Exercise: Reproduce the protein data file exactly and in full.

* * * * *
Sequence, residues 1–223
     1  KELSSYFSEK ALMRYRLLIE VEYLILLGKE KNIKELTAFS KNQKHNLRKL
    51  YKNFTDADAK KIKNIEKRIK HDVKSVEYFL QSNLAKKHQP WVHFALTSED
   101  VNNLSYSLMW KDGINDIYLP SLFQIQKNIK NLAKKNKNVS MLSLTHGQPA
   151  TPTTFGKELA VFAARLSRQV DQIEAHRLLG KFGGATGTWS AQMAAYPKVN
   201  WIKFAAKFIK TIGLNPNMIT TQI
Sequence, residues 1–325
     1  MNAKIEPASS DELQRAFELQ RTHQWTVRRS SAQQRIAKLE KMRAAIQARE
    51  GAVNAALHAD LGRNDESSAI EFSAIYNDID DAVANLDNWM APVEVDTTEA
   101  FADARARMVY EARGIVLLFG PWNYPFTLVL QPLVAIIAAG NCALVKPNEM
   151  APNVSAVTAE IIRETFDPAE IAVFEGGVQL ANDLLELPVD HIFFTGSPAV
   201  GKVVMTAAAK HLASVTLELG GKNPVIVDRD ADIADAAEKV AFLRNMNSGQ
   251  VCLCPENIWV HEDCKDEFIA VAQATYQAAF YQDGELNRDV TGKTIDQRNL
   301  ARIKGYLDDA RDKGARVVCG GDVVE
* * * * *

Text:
Sequence, residues 1–223
     1  KELSSYFSEK ALMRYRLLIE VEYLILLGKE KNIKELTAFS KNQKHNLRKL
    51  YKNFTDADAK KIKNIEKRIK HDVKSVEYFL QSNLAKKHQP WVHFALTSED
   101  VNNLSYSLMW KDGINDIYLP SLFQIQKNIK NLAKKNKNVS MLSLTHGQPA
   151  TPTTFGKELA VFAARLSRQV DQIEAHRLLG KFGGATGTWS AQMAAYPKVN
   201  WIKFAAKFIK TIGLNPNMIT TQI
Sequence, residues 1–325
     1  MNAKIEPASS DELQRAFELQ RTHQWTVRRS SAQQRIAKLE KMRAAIQARE
    51  GAVNAALHAD LGRNDESSAI EFSAIYNDID DAVANLDNWM APVEVDTTEA
   101  FADARARMVY EARGIVLLFG PWNYPFTLVL QPLVAIIAAG NCALVKPNEM
   151  APNVSAVTAE IIRETFDPAE IAVFEGGVQL ANDLLELPVD HIFFTGSPAV
   201  GKVVMTAAAK HLASVTLELG GKNPVIVDRD ADIADAAEKV AFLRNMNSGQ
   251  VCLCPENIWV HEDCKDEFIA VAQATYQAAF YQDGELNRDV TGKTIDQRNL
   301  ARIKGYLDDA RDKGARVVCG GDVVE